Friday, May 11, 2007

The Legacy of Walter Rauschenbusch

Apparently it's my day to cite the Wall Street Journal. And that's a sentence I have never uttered before in my life!

My pastor emailed a link to an opinion piece in the WSJ online, one that I understandably found fascinating because it deals with the legacy of Walter Rauschenbusch and the Social Gospel.

I wrote my master's thesis in 2001 on Rauschenbusch's theology. So much has happened since then it feels like an age ago. Still, my academic/theological/church history juices still get jumping when I read reflections about Rauschenbusch and this whole era in American history.

The piece, by Joseph Loconte, can be found here. It's brief, but sound and worth reading. I was especially glad to be reminded that it's the 100th anniversary of Rauschenbusch's book Christianity and the Social Crisis, which will probably mean a small flurry of new scholarship. Apparently there is a new centennial edition of Rauschenbusch's book with introductory essays by Tony Campolo, Stanley Hauerwas and Jim Wallis (now there's a trio!). Loconte says it's "just published" by HarperSanFrancisco but the only thing I'm seeing that looks close is still a pre-order on Amazon with a release date of August 1.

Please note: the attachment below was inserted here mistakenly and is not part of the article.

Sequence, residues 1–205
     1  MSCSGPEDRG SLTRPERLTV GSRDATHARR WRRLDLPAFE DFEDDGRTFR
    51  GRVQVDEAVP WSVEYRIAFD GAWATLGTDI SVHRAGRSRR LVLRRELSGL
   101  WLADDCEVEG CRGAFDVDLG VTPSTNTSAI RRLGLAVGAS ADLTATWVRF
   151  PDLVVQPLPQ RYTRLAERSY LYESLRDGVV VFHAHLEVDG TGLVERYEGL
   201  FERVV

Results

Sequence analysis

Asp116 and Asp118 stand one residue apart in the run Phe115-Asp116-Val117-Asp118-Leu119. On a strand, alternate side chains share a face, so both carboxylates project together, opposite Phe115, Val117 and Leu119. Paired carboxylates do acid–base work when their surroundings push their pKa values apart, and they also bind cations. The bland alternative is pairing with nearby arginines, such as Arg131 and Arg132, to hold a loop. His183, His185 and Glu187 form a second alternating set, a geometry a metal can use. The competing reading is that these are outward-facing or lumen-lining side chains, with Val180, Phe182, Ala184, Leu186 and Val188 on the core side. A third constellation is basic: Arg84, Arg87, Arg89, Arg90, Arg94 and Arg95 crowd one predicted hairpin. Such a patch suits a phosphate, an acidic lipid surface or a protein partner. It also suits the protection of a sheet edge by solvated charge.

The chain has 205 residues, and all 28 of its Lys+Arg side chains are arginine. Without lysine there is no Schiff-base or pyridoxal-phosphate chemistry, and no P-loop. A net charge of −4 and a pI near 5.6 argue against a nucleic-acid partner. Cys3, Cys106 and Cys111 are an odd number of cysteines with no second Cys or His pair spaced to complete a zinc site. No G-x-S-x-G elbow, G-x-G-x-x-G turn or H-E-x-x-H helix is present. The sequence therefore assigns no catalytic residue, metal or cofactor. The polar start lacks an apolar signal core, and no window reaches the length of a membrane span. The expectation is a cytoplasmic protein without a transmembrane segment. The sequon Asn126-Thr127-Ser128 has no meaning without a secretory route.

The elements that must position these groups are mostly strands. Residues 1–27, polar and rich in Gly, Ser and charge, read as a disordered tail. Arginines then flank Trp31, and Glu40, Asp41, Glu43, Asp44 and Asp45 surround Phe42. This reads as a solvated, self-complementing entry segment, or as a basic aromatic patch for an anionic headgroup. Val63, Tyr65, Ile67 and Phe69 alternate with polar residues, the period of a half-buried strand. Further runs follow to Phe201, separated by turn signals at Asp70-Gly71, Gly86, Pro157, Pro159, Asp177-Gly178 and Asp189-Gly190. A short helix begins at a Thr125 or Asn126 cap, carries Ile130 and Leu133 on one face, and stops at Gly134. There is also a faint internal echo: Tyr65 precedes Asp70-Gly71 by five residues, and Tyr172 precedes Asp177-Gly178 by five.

Erin said...

Hmm, interesting. I'd never heard of Rauschenbusch, or of the three writers you mention. Time to brush up on my theologians!

Beth said...

Well, Rauschenbusch is kind of "old hat" (since they're celebrating the centennial of his work) but still influential, both for good and for ill. He was a mixed bag; said some important things, but a bit captive to his times. Maybe we all are, which is one reason I find him fascinating to think about.

You'd like the other three, I think. Campolo taught at my university and I took a class with him. He's always controversial and always interesting and passionate about Jesus. Wallis is very much a progressive evangelical and in the news a good bit these days, writing and speaking a lot. Hauerwas is probably the real "theologian" of the three, and worth reading!